Published on September 28th, 20120
Jesse Washington – What Do White Working-Class Voters Want?
To look at Ohio is to glimpse America in a nutshell _ a state full of places where laborers, truck drivers, cooks, store clerks and business owners form the backbone of small-town life. Places where the deli cashes checks, cars and trucks are “vehicles,” and the NFL takes a back seat to high-school football. It also is a place where presidents are made. No candidate has won without Ohio’s 18 electoral votes since John F. Kennedy in 1960. Barack Obama won here in 2008 by about 260,000 votes, 52 percent to 47 percent.
That’s why Ohio’s white, working-class voters have taken center stage in the election, with Obama and Mitt Romney crisscrossing the state this week as they enter the campaign’s home stretch. These voters may well decide who wins the White House. So what do they want? About two dozen interviews in eastern Ohio revealed some answers: They are looking for a president who understands what it’s like to punch a time clock all month and still come up short on the bills, for a leader who will help the people in work boots as much as those in wing-tips.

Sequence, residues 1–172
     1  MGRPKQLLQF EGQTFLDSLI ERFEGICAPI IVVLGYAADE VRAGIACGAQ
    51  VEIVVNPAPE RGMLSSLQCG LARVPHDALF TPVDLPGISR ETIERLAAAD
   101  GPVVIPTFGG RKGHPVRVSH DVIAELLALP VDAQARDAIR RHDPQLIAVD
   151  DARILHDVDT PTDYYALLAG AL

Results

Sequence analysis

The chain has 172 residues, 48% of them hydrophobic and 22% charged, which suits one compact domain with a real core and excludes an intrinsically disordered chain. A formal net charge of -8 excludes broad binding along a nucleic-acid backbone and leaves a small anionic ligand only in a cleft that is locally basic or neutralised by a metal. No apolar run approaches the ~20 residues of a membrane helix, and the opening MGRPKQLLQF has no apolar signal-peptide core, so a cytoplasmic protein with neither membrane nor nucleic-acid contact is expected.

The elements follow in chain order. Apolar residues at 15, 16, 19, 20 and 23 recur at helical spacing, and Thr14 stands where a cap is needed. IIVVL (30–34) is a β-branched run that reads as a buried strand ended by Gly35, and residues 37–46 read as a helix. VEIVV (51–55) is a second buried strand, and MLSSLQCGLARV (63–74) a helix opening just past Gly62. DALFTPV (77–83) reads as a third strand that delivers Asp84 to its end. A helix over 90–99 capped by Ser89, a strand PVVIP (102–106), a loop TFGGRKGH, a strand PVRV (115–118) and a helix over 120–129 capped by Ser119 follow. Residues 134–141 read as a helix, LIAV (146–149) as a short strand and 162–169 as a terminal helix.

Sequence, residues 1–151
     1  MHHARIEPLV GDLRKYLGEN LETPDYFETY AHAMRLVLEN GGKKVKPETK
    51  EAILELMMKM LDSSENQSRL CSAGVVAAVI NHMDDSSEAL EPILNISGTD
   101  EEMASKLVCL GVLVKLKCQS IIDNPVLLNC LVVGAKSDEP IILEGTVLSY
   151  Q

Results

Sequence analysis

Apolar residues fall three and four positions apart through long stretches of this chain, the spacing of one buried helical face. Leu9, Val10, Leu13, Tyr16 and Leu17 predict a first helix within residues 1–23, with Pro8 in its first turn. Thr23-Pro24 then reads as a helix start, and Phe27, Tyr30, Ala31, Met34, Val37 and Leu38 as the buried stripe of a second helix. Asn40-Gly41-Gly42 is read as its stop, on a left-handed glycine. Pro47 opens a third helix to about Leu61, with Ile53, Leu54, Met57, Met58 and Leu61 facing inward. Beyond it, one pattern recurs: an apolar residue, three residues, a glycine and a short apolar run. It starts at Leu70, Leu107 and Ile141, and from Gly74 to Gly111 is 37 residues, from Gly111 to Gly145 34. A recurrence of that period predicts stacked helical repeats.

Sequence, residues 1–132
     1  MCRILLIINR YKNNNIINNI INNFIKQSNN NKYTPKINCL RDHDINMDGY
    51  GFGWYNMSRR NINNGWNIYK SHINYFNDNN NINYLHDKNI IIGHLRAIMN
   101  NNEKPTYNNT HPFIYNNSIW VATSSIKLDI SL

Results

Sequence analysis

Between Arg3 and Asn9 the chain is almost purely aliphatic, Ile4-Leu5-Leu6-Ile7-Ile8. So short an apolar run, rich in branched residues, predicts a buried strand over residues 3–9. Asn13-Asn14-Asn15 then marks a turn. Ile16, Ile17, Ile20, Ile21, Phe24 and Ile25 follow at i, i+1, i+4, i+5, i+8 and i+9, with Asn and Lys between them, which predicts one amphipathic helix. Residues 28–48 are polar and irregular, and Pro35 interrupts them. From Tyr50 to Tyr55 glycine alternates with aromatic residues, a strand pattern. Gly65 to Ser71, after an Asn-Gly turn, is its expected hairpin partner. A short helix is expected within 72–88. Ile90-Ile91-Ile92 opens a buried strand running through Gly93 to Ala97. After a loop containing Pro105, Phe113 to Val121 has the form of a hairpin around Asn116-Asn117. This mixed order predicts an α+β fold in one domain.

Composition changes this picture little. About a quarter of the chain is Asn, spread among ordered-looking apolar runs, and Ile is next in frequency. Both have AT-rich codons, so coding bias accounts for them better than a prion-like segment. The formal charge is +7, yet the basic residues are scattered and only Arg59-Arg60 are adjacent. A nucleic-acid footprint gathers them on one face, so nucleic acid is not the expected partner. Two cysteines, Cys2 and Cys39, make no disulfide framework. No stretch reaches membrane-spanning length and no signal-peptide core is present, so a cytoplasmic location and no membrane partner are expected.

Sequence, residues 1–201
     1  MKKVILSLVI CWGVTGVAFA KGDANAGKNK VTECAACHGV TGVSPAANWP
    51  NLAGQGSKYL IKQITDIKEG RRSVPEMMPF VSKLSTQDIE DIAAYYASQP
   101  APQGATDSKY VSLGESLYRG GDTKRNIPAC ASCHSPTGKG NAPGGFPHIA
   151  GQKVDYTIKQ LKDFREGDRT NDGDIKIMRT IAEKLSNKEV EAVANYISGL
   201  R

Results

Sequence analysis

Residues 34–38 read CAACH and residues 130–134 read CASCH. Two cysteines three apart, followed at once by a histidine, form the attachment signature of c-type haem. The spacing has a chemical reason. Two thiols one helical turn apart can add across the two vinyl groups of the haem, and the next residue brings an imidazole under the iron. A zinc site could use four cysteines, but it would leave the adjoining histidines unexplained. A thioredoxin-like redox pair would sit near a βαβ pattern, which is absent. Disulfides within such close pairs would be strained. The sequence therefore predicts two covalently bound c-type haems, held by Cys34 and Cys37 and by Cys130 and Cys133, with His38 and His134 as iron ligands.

They see money being doled out, from welfare to bank bailouts, and ask why nobody has lent them a hand. They talk of getting rid of everyone in Washington and starting fresh. Generations of sweaty work and union membership make many deeply skeptical of a Republican multimillionaire CEO like Romney, and polls show he trails among white working-class Ohioans. But there also is widespread frustration with the Democratic president and pessimism about the future. “If the election was right now, I’d choose ‘none of the above,’” says coal miner J.R. Cross, leaving a payday loan store in Bridgeport with money for his oldest son’s college bill.